DefinitionAcetaminophen overdose is one of the most common poisonings worldwide. People often think that acetaminophen, a pain-relieving medicine, is extremely safe. However, it may be deadly if taken in large doses.This is for information only and not for use in the treatment or management of an actual poison exposure. If you have an exposure, you should call your local emergency number (such as 911) or the National Poison Control Center at 1-800-222-1222.
Alternative NamesTylenol overdose; Paracetamol overdose
Where FoundAcetaminophen is found in a variety of over-the-counter and prescription pain relievers.Tylenol is a brand name for acetaminophen. Other medicines that contain acatominophen include:Anacin-3LiquiprinPanadolPercocetTempraVarious cold and flu medicinesNote: This list is not all inclusive.Common dosage forms and strengths:Suppository: 120 mg*, 125 mg, 325 mg, 650 mgChewable tablets: 80 mgJunior tablets: 160 mgRegular strength: 325 mgExtra strength: 500 mgLiquid: 160 mg/teaspoonDrops: 100 mg/mL, 120 mg/2.5 mL*mg = milligramsYou should not take more than 4000 mg of acetaminophen a day. Taking more, especially 7000 mg or more, can lead to a severe overdose if not treated.
SymptomsAbdominal painAppetite lossComaConvulsionsDiarrheaIrritabilityJaundiceNauseaSweatingUpset stomachVomitingNote: Symptoms may not occur until 12 or more hours after the acetaminophen was swallowed.
Home TreatmentThere is no home treatment. Seek immediate medical help.
Before Calling EmergencyDetermine the following information:Patient's age, weight, and conditionName of the product (ingredients and strengths, if known)Time it was swallowedAmount swallowed
Poison Control, or a local emergency numberThe National Poison Control Center (1-800-222-1222) can be called from anywhere in the United States. This national hotline number will let you talk to experts in poisoning. They will give you further instructions.This is a free and confidential service. All local poison control centers in the United States use this national number. You should call if you have any questions about poisoning or poison prevention. It does NOT need to be an emergency. You can call for any reason, 24 hours a day, 7 days a week.See: Poison control center - emergency number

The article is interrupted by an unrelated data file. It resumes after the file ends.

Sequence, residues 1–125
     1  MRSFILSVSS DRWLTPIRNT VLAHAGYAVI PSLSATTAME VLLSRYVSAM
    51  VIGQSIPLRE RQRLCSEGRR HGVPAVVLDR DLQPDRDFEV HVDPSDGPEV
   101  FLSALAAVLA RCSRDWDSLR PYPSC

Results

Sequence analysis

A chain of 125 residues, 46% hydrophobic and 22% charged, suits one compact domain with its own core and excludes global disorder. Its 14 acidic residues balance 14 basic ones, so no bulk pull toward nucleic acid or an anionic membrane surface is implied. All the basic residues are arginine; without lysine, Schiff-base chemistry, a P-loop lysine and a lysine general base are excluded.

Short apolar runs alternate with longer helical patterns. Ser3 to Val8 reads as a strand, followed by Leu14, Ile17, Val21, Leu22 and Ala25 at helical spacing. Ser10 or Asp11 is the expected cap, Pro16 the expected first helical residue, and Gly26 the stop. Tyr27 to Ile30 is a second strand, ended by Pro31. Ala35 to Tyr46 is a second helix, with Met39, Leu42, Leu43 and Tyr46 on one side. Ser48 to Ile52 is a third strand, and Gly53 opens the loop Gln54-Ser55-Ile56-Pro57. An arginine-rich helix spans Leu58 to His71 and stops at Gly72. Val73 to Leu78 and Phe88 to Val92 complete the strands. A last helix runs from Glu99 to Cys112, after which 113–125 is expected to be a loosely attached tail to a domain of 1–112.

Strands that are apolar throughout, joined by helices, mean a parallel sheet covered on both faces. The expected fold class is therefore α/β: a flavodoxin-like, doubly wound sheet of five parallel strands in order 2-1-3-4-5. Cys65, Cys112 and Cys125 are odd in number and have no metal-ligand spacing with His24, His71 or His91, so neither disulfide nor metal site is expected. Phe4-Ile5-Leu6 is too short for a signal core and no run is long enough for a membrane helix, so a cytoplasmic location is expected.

What to expect at the emergency roomThe health care provider will measure and monitor the patient's vital signs, including temperature, pulse, breathing rate, and blood pressure. Blood tests will be done to check how much acetaminophen is in the blood. The patient may receive:Medicines to treat symptomsActivated charcoalLaxativeMedicine (antidote) to reverse the effect of the poison
Expectations (prognosis)If treatment is received within 8 hours of the overdose, there is a very good chance of recovery.However, without rapid treatment, a very large overdose of acetaminophen can lead to liver failure and death in a few days.
ReferencesGoldfrank LR, ed. Goldfrank's Toxicologic Emergencies. 8th ed. New York, NY: McGraw Hill; 2006.American Association of Poison Control Centers. Practice Guideline: Acetaminophen Poisoning: an Evidence-Based Consensus Guideline for Out-of-Hospital Management. Clinical Toxicology, 2006, Vol. 44; pp. 1–18